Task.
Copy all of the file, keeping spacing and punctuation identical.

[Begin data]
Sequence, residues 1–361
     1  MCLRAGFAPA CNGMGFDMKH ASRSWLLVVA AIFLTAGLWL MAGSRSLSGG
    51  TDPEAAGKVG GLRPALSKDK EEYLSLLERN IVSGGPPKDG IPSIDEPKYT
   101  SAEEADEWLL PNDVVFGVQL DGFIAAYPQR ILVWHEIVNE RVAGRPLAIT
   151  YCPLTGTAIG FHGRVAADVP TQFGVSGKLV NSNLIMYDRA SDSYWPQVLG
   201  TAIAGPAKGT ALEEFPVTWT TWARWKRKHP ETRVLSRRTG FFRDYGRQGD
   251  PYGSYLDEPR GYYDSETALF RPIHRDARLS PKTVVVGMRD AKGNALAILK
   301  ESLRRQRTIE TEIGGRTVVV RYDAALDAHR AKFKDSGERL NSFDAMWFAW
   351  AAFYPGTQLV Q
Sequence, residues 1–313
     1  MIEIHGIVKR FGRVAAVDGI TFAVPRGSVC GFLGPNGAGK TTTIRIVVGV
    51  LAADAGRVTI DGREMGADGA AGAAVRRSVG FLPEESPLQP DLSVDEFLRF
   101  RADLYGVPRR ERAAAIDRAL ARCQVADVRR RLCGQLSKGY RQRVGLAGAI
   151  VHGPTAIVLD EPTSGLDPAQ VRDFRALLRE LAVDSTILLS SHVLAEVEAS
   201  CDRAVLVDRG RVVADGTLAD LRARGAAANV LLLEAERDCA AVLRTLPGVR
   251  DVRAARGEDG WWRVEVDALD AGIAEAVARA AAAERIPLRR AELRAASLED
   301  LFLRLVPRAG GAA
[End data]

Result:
Sequence, residues 1–361
     1  MCLRAGFAPA CNGMGFDMKH ASRSWLLVVA AIFLTAGLWL MAGSRSLSGG
    51  TDPEAAGKVG GLRPALSKDK EEYLSLLERN IVSGGPPKDG IPSIDEPKYT
   101  SAEEADEWLL PNDVVFGVQL DGFIAAYPQR ILVWHEIVNE RVAGRPLAIT
   151  YCPLTGTAIG FHGRVAADVP TQFGVSGKLV NSNLIMYDRA SDSYWPQVLG
   201  TAIAGPAKGT ALEEFPVTWT TWARWKRKHP ETRVLSRRTG FFRDYGRQGD
   251  PYGSYLDEPR GYYDSETALF RPIHRDARLS PKTVVVGMRD AKGNALAILK
   301  ESLRRQRTIE TEIGGRTVVV RYDAALDAHR AKFKDSGERL NSFDAMWFAW
   351  AAFYPGTQLV Q
Sequence, residues 1–313
     1  MIEIHGIVKR FGRVAAVDGI TFAVPRGSVC GFLGPNGAGK TTTIRIVVGV
    51  LAADAGRVTI DGREMGADGA AGAAVRRSVG FLPEESPLQP DLSVDEFLRF
   101  RADLYGVPRR ERAAAIDRAL ARCQVADVRR RLCGQLSKGY RQRVGLAGAI
   151  VHGPTAIVLD EPTSGLDPAQ VRDFRALLRE LAVDSTILLS SHVLAEVEAS
   201  CDRAVLVDRG RVVADGTLAD LRARGAAANV LLLEAERDCA AVLRTLPGVR
   251  DVRAARGEDG WWRVEVDALD AGIAEAVARA AAAERIPLRR AELRAASLED
   301  LFLRLVPRAG GAA